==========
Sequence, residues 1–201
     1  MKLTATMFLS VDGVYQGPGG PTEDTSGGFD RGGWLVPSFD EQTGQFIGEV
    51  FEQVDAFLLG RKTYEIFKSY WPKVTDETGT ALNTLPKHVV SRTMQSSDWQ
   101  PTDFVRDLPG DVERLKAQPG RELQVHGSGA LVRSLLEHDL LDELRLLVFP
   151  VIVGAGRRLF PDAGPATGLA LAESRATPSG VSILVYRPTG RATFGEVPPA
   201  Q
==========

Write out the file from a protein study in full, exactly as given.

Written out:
Sequence, residues 1–201
     1  MKLTATMFLS VDGVYQGPGG PTEDTSGGFD RGGWLVPSFD EQTGQFIGEV
    51  FEQVDAFLLG RKTYEIFKSY WPKVTDETGT ALNTLPKHVV SRTMQSSDWQ
   101  PTDFVRDLPG DVERLKAQPG RELQVHGSGA LVRSLLEHDL LDELRLLVFP
   151  VIVGAGRRLF PDAGPATGLA LAESRATPSG VSILVYRPTG RATFGEVPPA
   201  Q